Can someone show to me the steps to derive the joint state at the bottom of this image, please? enter image description here

I tried to follow his explanation but I didn't get the same results… This is taken from the lecture notes of Ronald de Wolf in case it may help

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    $\begingroup$ Welcome to QCSE! Images are not text-searchable. It would be helpful if you take the trouble to type it out in MathJax. Here's a tutorial. $\endgroup$ – Sanchayan Dutta Jul 8 '18 at 15:38
  • $\begingroup$ @Blue Thanks, I don't know MathJax and that tutorial will come in handy. I'll try to do that next time for sure. $\endgroup$ – E.s Jul 8 '18 at 20:58

Since this is a homework-type question, I'll just outline the method:

You begin in the state $(\alpha_0|0\rangle + \alpha_1|1\rangle) \otimes \frac{1}{\sqrt{2}}(|00\rangle + |11\rangle)$.

It can be written as $(\alpha_0|0\rangle_{A1}) \otimes \frac{1}{\sqrt{2}}(|0\rangle_{A2} |0\rangle_B + |1\rangle_{A2} |1\rangle_{B}) + (\alpha_1|1\rangle_{A1}) \otimes \frac{1}{\sqrt{2}}(|0\rangle_{A2} |0\rangle_B + |1\rangle_{A2} |1\rangle_{B})$

Apply the CNOT to qubits $\text{A1}$ and $\text{A2}$. If $\text{A1}$ is in $|0\rangle$, $\text{A2}$ remains unchanged or else it flips.

You get to the state:

$(\alpha_0|0\rangle_{A1}) \otimes \frac{1}{\sqrt{2}}(|0\rangle_{A2} |0\rangle_B + |1\rangle_{A2} |1\rangle_{B}) + (\alpha_1|1\rangle_{A1}) \otimes \frac{1}{\sqrt{2}}(|1\rangle_{A2} |0\rangle_B + |0\rangle_{A2} |1\rangle_{B})$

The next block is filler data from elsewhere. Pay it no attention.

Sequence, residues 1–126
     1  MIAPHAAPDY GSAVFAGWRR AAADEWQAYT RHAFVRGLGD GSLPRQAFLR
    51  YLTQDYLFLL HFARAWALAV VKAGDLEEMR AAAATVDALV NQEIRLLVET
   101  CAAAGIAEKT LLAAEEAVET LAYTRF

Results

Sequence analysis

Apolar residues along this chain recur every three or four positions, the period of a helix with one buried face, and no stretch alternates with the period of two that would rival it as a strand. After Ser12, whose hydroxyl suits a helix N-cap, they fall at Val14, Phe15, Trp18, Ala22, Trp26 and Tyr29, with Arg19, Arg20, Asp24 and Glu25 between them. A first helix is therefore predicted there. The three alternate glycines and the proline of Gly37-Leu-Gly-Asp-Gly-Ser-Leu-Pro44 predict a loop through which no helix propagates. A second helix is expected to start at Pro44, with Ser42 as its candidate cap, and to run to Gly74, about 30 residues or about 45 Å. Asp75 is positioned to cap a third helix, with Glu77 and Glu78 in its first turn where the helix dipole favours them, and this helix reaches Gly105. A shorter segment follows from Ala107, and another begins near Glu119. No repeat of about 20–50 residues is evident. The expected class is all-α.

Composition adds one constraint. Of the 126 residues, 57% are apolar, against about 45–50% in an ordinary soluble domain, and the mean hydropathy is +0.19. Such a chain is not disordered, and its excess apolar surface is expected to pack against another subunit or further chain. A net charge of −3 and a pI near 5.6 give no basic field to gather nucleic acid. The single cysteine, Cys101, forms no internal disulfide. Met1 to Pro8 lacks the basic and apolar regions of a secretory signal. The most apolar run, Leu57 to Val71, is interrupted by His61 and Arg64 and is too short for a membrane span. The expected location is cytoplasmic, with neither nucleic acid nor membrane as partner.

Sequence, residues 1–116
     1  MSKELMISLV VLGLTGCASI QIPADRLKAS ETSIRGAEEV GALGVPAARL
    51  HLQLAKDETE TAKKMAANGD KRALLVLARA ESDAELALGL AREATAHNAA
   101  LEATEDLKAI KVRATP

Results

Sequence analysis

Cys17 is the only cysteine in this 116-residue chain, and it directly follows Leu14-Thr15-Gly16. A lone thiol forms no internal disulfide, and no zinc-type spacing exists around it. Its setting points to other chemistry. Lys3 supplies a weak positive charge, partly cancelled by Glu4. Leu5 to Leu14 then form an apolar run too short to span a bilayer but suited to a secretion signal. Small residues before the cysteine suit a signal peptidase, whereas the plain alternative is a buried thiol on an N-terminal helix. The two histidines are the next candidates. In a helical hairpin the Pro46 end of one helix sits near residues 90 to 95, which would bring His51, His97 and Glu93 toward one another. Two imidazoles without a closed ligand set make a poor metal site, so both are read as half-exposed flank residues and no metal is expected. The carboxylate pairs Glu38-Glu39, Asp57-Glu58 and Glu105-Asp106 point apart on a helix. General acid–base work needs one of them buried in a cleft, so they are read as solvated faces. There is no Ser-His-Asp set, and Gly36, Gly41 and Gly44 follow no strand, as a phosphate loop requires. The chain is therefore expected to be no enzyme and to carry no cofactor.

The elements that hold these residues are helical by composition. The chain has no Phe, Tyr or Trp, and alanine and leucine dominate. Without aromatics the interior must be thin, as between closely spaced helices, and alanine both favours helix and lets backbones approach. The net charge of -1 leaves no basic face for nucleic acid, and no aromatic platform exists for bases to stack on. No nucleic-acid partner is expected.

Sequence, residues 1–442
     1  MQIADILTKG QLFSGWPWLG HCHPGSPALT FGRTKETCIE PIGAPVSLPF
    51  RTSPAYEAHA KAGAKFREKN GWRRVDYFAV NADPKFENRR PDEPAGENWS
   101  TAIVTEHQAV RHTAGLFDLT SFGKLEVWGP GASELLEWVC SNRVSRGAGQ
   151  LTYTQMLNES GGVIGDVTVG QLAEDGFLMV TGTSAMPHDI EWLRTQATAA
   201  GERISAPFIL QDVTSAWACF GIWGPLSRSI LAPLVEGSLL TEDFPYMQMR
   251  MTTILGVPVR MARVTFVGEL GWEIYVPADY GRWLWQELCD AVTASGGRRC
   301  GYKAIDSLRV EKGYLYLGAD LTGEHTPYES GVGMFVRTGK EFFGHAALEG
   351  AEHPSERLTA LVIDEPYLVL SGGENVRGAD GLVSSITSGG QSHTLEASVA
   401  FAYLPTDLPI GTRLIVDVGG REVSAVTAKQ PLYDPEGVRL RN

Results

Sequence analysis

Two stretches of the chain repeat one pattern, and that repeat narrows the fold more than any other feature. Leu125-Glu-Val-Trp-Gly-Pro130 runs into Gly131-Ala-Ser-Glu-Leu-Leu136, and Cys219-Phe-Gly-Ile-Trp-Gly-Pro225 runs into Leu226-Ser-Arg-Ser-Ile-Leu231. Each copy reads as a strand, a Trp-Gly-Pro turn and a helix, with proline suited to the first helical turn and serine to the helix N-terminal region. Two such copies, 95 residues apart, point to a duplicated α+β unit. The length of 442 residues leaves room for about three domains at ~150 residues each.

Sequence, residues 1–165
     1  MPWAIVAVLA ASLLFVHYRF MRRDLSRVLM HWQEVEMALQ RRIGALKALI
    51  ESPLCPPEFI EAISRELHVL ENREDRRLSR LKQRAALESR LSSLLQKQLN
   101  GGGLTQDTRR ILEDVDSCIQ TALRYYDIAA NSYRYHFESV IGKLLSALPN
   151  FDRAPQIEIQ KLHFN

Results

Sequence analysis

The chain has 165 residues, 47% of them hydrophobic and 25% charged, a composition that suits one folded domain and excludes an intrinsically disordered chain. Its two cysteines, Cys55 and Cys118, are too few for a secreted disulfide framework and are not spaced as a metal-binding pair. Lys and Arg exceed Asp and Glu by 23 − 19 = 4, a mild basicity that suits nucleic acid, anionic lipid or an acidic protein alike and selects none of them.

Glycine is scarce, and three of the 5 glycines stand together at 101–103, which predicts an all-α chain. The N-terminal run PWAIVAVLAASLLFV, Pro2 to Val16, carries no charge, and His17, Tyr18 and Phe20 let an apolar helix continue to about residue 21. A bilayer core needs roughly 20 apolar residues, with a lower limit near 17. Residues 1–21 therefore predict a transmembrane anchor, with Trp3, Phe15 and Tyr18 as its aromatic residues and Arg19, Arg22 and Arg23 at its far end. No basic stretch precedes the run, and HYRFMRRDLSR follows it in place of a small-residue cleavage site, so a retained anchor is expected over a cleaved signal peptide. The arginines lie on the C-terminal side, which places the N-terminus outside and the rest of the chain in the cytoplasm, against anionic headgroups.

Then apply the Hadamard gate on $\text{A1}$. Remember that the Hadamard gate maps $|0\rangle_{A1}$ to $\frac{|0\rangle + |1\rangle}{\sqrt 2}$ and $|1\rangle_{A1}$ to $\frac{|0\rangle - |1\rangle}{\sqrt 2}$.

You finally get to the state shown in the diagram.

Note: $\text{A1}$ refers to Alice's first qubit. $\text{A2}$ refers to Alice's second qubit. $\text{B}$ refers to Bob's qubit.

  • $\begingroup$ Thank you! Somehow every time I tried I forgot to flip the last bit. From an algebraic point of view can I always write a joint state of qubits by multiplying their states and develop the expression by applying the proper transforms to the corresponding qubits? $\endgroup$ – E.s Jul 8 '18 at 21:12
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    $\begingroup$ @E.s It's not really a multiplication. It's a tensor product of the qubit states. Say $|00\rangle$ is shorthand notation for the tensor product of the qubit states $|0\rangle$ and $|0\rangle$. However, yes, you can always separate it like that, and do the transformations. $\endgroup$ – Sanchayan Dutta Jul 8 '18 at 21:16

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